Washington sided with Hamilton and opted for neutrality. The decision hardened the emerging dividing line in American politics between Federalists, who favored a stronger national government and reconciliation with Great Britain, and Republicans, who feared centralized national power and saw the French Revolution as fulfilling the promise of the American experiment. (Those Republicans were the antecedents of today’s Democratic Party; the modern Republican Party was founded in 1854.) Tempers might have cooled if neutrality had enabled the United States to avoid the fight between the two great powers. But Washington's decision at best postponed outright war rather than prevented it. British warships soon began seizing American merchant ships entering or leaving French ports in the West Indies, violating the traditional norm that neutral ships were allowed free passage provided they were not carrying munitions. The British navy also began stopping American merchant ships and carrying off, or impressing, sailors judged to be British deserters.  

Fearful that the country was being dragged into a war it did not want and could not afford, a small group of Federalist senators approached Washington with a proposal to send an envoy to London. They hoped diplomacy could end the attacks on American shipping and settle a range of other disputes that roiled relations between the two countries. They quickly won over the president, showing that senatorial influence does not always come through floor votes.  

Washington initially wanted to send Hamilton to London to negotiate. The practice at the time, and one that would not last much beyond Washington’s presidency, was for the Senate to confirm the president’s choice of an envoy. That consent would not be easy to come by in Hamilton’s case, even though Federalists dominated the Senate. The Treasury secretary’s efforts to build a stronger national government had made him a lightning rod American politics, and his pro-British views guaranteed that critics would question any agreement he negotiated. Hamilton made things easier for Washington by reading the room and asking not to be considered for the post. It would not be the last time an administration changed course on policy or personnel because of judgments about the traffic Congress would bear.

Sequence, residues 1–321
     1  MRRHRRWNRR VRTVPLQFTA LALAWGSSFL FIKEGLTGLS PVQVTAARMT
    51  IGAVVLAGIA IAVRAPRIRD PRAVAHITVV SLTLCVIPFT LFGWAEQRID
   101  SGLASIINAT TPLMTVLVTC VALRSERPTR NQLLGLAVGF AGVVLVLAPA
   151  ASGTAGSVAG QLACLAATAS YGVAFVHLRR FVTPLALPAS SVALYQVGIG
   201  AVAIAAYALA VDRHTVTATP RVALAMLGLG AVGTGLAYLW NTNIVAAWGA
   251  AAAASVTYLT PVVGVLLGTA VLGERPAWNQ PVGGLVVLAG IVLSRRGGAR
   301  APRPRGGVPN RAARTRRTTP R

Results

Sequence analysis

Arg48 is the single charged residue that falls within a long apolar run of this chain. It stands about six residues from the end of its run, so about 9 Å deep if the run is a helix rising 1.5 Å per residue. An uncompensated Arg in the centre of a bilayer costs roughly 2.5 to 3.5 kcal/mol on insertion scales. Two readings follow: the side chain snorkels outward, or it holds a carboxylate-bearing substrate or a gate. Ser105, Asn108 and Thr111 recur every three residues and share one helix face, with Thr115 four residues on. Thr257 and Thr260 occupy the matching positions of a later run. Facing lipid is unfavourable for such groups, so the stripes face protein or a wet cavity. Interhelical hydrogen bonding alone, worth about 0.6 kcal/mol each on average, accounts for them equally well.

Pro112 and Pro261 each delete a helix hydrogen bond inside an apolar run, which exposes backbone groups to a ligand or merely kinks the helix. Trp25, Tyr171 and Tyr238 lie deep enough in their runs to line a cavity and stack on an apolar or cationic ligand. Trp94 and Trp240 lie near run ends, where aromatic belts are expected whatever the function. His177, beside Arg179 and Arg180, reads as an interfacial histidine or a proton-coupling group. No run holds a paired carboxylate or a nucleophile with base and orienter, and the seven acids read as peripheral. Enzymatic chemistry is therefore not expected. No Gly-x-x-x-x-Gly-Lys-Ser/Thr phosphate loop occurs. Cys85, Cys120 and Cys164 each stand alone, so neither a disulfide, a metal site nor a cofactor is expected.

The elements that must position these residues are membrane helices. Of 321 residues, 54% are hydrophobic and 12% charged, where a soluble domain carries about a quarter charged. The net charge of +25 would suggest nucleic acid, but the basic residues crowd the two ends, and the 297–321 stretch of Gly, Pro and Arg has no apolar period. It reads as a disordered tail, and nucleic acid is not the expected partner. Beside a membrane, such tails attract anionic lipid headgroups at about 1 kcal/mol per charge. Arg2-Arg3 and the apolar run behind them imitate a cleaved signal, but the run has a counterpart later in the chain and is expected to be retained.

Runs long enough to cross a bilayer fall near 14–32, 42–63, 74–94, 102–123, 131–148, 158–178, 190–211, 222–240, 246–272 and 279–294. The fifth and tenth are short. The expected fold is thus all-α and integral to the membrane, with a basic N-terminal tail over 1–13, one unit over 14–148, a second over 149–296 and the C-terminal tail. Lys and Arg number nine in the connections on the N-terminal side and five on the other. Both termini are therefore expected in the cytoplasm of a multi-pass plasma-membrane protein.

The job of special envoy went instead to John Jay, the chief justice of the Supreme Court and the coauthor, along with Hamilton and James Madison, of The Federalist Papers. Jay had impeccable credentials for the position. He had been a president of the Continental Congress, served as a U.S. minister to Spain, and spent five years as secretary of foreign affairs under the Articles of Confederation. His nomination nonetheless sparked its own controversy, in part because he intended to continue as chief justice. (The Supreme Court in the 1790s had neither the importance nor the workload it has today.) Critics reasonably questioned the propriety of a justice negotiating an agreement he might one day be asked to rule on. The deeper issue, though, was that Jay, like Hamilton, favored Britain over France. Republican senators feared that Jay would sell out America’s interests to the British crown.